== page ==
### Scraping web data in table format

We will start by loading the rvest package, which will help us scrape data from the web.

library(rvest)

The goal of this exercise is to scrape the population data from the Census website, and then clean it so that we can generate a population pyramid.

The first step is to read the html code from the website we want to scrape, using the read_html() function. If we want to see the html in text format, we can then use html_text().

url <- paste("http://www.census.gov/population/international/data/idb/",
"region.php?N=%20Results%20&T=10&A=separate&RT=0&Y=2016&R=-1&C=US",
sep="")
html <- read_html(url) # reading the html code into memory
html # not very informative
## {xml_document}
## <html>
## [1] <head>\n<meta name="DESCRIPTION" content="International Data Base (I ...
## [2] <body onload="hide_region_tables_region(); SelectedReport();">\n     ...
substr(html_text(html), 1, 1000) # first 1000 characters
## [1] "\n                        <!--\n                        @media print {\n                        .query_source {page-break-after:always;}\n                        .noprint {display:none; }\n                        }\n                        -->\n                \n                $(document).ready(function() {\n$('.download').click(function(){\n                                s.linkTrackVars='eVar3,events';\n                                s.linkTrackEvents='event2';\n                                s.events='event2';\n                                s.eVar3=\"IDB PHP-driven Download\";\n                                s.tl(false,'o',\"Download\");\n                        });\n                });\n                International Programs - Region Summary - U.S. Census Bureau\n//<![CDATA[\nvar focusObj;\n\nfunction unselectAll( id )\n{\n        var y = document.getElementById( id );\n\n        for(x=0;x<y.length;x++)\n                y.options[x].selected = false;\n}\n\n\nfunction limitSelect( obj, "

To extract all the tables in the html code automatically, we use html_table(). Note that it returns a list of data frames, so in order to work with this dataset, we will have to subset the first element of this list.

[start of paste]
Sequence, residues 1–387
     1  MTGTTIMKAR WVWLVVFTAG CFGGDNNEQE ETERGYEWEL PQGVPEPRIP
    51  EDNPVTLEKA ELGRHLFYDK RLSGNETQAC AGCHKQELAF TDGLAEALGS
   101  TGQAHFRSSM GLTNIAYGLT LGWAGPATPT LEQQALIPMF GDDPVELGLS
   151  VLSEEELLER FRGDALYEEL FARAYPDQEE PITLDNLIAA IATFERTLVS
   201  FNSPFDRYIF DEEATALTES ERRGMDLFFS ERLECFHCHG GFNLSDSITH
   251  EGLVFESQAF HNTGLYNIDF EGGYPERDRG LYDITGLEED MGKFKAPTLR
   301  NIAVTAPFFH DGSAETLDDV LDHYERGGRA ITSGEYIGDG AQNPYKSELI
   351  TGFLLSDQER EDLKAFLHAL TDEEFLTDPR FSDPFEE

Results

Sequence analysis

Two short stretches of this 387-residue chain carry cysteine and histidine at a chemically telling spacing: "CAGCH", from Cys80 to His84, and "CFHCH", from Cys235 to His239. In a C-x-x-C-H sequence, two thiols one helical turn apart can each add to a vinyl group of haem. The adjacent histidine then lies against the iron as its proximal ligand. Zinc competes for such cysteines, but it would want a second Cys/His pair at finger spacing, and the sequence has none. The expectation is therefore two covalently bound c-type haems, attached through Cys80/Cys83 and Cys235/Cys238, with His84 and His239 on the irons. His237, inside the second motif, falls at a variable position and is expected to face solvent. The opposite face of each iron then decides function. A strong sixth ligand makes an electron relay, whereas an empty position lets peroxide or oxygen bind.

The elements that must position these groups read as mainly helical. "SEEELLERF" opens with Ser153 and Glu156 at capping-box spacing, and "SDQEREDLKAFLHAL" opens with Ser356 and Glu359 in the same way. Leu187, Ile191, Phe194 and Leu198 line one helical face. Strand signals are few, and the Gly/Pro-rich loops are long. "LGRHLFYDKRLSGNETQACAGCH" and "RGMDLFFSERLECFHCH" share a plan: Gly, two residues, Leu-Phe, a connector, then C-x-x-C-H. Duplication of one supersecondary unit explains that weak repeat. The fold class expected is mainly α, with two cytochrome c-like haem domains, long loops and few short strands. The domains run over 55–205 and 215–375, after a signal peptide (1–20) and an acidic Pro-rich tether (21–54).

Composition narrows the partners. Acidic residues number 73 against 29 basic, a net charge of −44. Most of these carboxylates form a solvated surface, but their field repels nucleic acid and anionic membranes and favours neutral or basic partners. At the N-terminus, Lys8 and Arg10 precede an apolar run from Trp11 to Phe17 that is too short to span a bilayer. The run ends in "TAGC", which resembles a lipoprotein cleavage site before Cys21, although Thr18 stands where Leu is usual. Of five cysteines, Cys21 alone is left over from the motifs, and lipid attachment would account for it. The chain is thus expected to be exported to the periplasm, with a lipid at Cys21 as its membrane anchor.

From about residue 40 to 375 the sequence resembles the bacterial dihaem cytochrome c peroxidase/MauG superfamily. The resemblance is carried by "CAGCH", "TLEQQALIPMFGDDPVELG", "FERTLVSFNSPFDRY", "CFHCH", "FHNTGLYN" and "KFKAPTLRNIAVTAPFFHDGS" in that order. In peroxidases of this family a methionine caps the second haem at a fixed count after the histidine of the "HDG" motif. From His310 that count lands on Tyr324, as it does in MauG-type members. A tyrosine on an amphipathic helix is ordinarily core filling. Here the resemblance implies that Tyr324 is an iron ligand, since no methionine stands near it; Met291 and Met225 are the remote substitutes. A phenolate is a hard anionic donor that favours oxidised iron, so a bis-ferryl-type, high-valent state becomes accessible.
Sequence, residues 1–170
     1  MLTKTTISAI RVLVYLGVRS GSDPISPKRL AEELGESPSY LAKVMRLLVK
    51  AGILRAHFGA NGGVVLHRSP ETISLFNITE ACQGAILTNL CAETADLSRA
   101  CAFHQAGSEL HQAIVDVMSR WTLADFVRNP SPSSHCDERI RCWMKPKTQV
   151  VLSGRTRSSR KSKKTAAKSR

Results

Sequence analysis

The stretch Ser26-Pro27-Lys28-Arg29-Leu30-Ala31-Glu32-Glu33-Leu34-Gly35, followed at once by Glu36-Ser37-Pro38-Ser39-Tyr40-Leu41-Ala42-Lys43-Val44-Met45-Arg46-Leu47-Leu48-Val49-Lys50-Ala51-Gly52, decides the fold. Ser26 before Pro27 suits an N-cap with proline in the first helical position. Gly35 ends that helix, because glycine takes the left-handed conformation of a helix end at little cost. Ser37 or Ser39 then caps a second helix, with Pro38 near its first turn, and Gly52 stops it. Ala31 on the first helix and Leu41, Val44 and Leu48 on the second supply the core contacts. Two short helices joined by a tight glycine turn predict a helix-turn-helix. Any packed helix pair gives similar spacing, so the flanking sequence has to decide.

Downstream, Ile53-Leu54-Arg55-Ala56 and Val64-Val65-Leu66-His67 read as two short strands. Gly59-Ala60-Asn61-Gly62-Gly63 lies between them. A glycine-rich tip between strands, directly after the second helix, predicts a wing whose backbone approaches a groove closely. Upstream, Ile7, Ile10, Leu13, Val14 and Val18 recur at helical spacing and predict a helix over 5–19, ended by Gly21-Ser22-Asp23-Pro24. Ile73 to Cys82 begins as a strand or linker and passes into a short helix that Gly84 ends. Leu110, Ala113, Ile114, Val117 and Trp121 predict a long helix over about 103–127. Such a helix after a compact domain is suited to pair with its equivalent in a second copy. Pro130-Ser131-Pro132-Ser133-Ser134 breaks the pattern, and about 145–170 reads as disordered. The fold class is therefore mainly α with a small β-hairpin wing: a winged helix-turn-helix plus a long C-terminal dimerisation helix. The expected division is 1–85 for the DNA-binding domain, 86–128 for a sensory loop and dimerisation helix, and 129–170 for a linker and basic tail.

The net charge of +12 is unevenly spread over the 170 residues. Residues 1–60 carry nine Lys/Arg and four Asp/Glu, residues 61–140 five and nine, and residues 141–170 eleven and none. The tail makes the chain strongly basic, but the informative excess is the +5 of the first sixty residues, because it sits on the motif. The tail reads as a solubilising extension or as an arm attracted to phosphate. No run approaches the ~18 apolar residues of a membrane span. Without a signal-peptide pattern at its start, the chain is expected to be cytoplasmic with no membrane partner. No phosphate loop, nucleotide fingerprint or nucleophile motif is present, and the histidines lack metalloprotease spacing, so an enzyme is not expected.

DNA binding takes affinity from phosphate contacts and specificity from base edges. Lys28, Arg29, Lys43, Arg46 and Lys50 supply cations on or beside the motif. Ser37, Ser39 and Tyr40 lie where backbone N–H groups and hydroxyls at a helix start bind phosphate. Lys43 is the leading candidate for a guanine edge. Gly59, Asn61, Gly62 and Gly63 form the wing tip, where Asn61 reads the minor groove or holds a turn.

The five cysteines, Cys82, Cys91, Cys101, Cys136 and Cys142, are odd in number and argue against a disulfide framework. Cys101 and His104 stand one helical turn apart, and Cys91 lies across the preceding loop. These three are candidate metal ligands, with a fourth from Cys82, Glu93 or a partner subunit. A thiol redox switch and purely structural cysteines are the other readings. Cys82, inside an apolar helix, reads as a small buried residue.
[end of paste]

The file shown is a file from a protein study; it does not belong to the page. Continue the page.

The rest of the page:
tab <- html_table(html)
str(tab)
## List of 1
##  $:'data.frame': 22 obs. of 9 variables: ## ..$ Year                 : int [1:22] 2016 2016 2016 2016 2016 2016 2016 2016 2016 2016 ...
##   ..$Age : chr [1:22] "Total" "0-4" "5-9" "10-14" ... ## ..$ Both Sexes Population: chr [1:22] "323,995,528" "20,038,560" "20,403,263" "20,595,524" ...
##   ..$Male Population : chr [1:22] "159,690,758" "10,248,131" "10,417,020" "10,517,509" ... ## ..$ Female Population    : chr [1:22] "164,304,770" "9,790,429" "9,986,243" "10,078,015" ...
##   ..$Percent Both Sexes : num [1:22] 100 6.2 6.3 6.4 6.5 6.9 7.1 6.7 6.4 6.1 ... ## ..$ Percent Male         : num [1:22] 100 6.4 6.5 6.6 6.8 7.2 7.3 6.9 6.5 6.1 ...
##   ..$Percent Female : num [1:22] 100 6 6.1 6.1 6.3 6.6 6.9 6.6 6.3 6 ... ## ..$ Sex Ratio            : num [1:22] 97.2 104.7 104.3 104.4 104.7 ...
pop <- tab[[1]]

Now let’s clean the data so that we can use it for our analysis. First, I’ll remove the row with the totals. (Note that I could just do pop[-1,], but imagine that we run this code again one year from now and the format has changed. The approach below is more robust to such changes.)

pop <- pop[-which(pop$Age=="Total"),] Let’s also change the variable names so that they’re easier to work with. (R doesn’t like variable names with spaces.) names(pop)[which(names(pop)=="Male Population")] <- "Male" names(pop)[which(names(pop)=="Female Population")] <- "Female" Finally, the other problem we need to fix is to convert the population values into a numeric format, which requires deleting the commas. pop$Male <- as.numeric(gsub(",", "", pop$Male)) pop$Female <- as.numeric(gsub(",", "", pop$Female)) The data is now clean, but we need to convert it to long format if we want to use ggplot2 to generate the population pyramid. The following two approaches are equivalent: df <- data.frame( Age = rep(pop$Age, 2),
value = c(pop$Male, pop$Female),
Gender = rep(c("Male", "Female"), each=nrow(pop)))
head(df)
##     Age    value Gender
## 1   0-4 10248131   Male
## 2   5-9 10417020   Male
## 3 10-14 10517509   Male
## 4 15-19 10813192   Male
## 5 20-24 11547150   Male
## 6 25-29 11725696   Male
# using melt() from the reshape package
library(reshape)
df <- melt(pop,
id.vars="Age", measure.vars=c("Male", "Female"),
variable_name = "Gender")

Finally, we need to make the population value negative for one of the two gender categories so that the population pyramid is properly displayed, and also convert the age variable into a factor so that the ordering of the categories is not alphabetical (default with ggplot2).